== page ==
# [Computational-biology] Re: ask help for sequences alignment

Kevin Karplus via comp-bio%40net.bio.net (by karplus At cheep.cse.ucsc.edu)
Mon Dec 11 11:20:09 EST 2006

On 2006-12-09, jianhao cao <biocjh At gmail.com> wrote:
> i am writing to ask help for some question on sequences alignment.
> 1 what is the different between the P value and E value?

The P-value of an event with a given null model is the probability of
seeing that event under the null model in a single trial.  For
sequence alignment, the null model is usually a crude model that
assumes that all letters are independent and drawn from the same
background distribution.

The E-value is the expected number of events in a series of trials.
If there are n trials, the E-value is n times the p-value.

Some people and programs (such as wu-blast) use a p-value of a
composite event---the event of having at least one occurence in n-trials:
P_n = 1 - (1-p_1)^n
This is equivalent to the E-value (p_1 *n) when both are small, but
gets uselessly close to 1 as the E-value gets bigger.

> how to calculate the two value in a certain alignment?

@article{karlin90,
author="Karlin, Samuel and Altschul, Stephen F.",
title="Methods for Assessing the Statistical Significance of
Molecular Sequence Features by Using General Scoring Schemes",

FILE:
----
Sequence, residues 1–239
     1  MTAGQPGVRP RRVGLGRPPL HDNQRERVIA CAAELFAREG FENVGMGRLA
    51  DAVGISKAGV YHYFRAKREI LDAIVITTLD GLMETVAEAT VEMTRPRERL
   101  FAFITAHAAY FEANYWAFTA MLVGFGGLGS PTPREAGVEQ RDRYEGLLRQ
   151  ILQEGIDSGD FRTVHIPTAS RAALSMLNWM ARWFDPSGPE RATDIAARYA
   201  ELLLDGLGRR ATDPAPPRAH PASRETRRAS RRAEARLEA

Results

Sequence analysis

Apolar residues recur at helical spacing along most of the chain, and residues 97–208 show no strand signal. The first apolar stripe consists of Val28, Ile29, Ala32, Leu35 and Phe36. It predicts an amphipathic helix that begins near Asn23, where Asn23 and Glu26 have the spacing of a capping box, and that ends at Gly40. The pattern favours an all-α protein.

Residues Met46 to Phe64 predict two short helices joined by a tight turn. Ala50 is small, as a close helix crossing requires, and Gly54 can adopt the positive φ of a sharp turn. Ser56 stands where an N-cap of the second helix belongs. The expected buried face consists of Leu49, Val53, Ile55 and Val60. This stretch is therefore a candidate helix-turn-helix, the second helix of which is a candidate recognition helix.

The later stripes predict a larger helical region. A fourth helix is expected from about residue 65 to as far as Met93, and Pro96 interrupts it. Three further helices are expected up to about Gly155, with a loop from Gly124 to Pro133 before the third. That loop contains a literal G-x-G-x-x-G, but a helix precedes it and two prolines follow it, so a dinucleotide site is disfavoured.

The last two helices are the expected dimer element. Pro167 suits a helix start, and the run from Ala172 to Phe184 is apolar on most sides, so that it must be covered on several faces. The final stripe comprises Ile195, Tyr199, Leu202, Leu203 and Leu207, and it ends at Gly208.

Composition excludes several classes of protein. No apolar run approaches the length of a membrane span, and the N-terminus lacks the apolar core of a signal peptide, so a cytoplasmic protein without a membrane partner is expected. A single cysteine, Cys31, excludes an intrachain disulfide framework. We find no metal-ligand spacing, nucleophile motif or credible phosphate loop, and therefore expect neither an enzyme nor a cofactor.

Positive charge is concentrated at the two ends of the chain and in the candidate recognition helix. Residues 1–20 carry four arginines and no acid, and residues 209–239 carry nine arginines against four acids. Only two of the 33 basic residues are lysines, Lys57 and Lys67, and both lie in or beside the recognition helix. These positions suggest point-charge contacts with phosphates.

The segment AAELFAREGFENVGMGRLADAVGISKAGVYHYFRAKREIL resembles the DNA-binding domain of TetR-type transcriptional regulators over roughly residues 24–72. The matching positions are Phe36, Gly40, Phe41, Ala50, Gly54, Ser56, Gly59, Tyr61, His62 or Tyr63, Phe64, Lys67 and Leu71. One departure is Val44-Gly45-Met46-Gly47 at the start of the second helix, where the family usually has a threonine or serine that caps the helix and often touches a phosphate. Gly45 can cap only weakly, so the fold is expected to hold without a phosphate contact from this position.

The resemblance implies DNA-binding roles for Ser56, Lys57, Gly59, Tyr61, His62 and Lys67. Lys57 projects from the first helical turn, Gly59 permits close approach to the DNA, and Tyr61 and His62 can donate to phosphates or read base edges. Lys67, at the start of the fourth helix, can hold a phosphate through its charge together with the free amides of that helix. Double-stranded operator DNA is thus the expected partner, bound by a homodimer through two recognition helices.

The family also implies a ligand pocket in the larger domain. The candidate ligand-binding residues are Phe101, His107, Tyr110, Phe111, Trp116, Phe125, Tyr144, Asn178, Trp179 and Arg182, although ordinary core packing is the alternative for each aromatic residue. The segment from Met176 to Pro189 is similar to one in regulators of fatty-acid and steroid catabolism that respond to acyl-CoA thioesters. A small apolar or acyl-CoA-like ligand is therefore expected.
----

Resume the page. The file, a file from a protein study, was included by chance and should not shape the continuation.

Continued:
journal=pnas,
year=1990, month=Mar,
volume=87,
pages="2264--2268"
}

> 2 why if the P value<0.001 in a sequence alignment, the result has a
> biological meaning?

It doesn't, necessarily.  All a P-value <0.001 means is that there is
only one chance in a thousand of getting a score that good from the
null model.  It says nothing about the biology---just that null
hypothesis is not a good one.  This could be because of a biological
phenomenon, or because the null model is ignoring some important
characteristic of the data that has nothing to do with the hypothesis
you think you are testing.

In general, bioinformaticians and biologists need to pay a lot more
attention to their null models---a lot of the trash I see published is
because people assume that invalidating a stupid null model somehow
establishes their bizarre hypothesis, when there are much simpler
explanations available.

------------------------------------------------------------
Kevin Karplus 	karplus At soe.ucsc.edu	http://www.soe.ucsc.edu/~karplus
Professor of Biomolecular Engineering, University of California, Santa Cruz